During last 3 years I haven't seen any installation in a city, where I can't see on the every channel at least 3-4 APs, and what is even worth -- most of them are out of your control at all. Only exception are metal buildings, which are shielding everything coming from outside, but than everything which is inside creates even more interference.
Especially much harm cause cheap home 802.11N gear, configured to use 40 MHz channels on 2,4 GHz, and old 802.11b/g APs. You don't need to have 30 dbm level to prevent transmission, it is enough that client can hear -70dbm level of neighbor AP transmission.
The only way to fight this till now is using Ruckus APs with they automatically adjusted directional antenna arrays -- if they doesn't work, my practice shows that no other WiFi gear work.
Recently we had a case -- Wi-Fi (brand new Apple Exterme Air-port and SMB APs from Cisco-Linksys and old 802.11g HP Procurve) provided 10-20 KB/s download speeds in 10 meters of AP in the same room, without any obstacles. Pwner of brand new Apple Air was quit unhappy.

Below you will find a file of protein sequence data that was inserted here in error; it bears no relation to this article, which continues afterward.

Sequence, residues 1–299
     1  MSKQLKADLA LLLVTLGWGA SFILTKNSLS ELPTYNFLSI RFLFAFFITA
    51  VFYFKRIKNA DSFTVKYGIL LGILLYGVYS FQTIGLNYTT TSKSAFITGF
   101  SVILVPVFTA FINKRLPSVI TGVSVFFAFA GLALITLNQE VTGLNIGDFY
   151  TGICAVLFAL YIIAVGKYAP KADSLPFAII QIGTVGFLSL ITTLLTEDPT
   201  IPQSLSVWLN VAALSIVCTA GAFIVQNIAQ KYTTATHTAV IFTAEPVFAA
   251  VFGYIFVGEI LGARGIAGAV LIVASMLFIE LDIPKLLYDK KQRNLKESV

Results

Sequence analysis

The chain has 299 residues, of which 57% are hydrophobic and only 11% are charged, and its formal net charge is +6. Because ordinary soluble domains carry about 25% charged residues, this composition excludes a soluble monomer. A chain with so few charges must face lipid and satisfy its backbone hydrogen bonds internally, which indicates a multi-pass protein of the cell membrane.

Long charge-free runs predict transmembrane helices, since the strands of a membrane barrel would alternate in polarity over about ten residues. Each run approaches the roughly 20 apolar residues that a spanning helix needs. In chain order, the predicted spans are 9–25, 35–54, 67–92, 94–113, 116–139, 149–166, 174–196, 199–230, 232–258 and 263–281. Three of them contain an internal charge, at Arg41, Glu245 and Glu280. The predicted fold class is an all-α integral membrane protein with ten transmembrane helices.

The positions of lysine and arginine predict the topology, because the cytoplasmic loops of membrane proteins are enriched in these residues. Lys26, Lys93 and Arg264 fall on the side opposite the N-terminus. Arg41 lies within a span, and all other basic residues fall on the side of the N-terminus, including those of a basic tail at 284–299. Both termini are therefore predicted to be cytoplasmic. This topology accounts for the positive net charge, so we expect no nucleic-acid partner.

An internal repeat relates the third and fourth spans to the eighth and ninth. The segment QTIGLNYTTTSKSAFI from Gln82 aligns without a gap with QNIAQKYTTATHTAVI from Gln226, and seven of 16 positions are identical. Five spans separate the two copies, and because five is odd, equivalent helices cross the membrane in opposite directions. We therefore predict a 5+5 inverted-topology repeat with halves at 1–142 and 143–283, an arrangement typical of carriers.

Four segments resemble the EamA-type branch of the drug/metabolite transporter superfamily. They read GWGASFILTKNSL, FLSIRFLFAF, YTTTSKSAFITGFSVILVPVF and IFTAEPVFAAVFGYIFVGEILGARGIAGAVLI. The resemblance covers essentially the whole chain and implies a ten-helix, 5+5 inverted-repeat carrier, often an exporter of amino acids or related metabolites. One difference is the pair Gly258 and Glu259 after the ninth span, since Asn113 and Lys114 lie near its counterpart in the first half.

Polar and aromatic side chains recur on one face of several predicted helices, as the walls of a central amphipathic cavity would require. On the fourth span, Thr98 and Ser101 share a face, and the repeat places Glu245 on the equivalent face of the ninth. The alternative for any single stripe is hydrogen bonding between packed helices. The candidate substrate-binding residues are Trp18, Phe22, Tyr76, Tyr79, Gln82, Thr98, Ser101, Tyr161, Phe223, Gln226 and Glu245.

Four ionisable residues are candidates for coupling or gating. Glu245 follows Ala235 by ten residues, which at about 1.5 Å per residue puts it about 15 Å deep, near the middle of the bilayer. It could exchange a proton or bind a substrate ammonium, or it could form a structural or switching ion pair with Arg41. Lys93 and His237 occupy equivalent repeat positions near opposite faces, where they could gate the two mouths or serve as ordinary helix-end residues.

Survey has demonstrated 20x APs with RSSI more that -50 dbm. One was public Hot-spot AP on the next building, actually in front of window, providing -30 dbm RSSI, and there have been at least one AP with RSSI higher that -40 dbm on every channel. There was no non-wifi interference, as we checked using spectrum analyzer, jut spectrum was used up to 80-100% average.
As a last hope I provided Ruckus ZF7982 AP, and never get it back -- as Apple Air have got on spot decent 50 MB/s download speed.

And if you really want more performance, you must get read-off 802.11b clients and disable non-OFDM modulations, this would improve everything except for antique devices.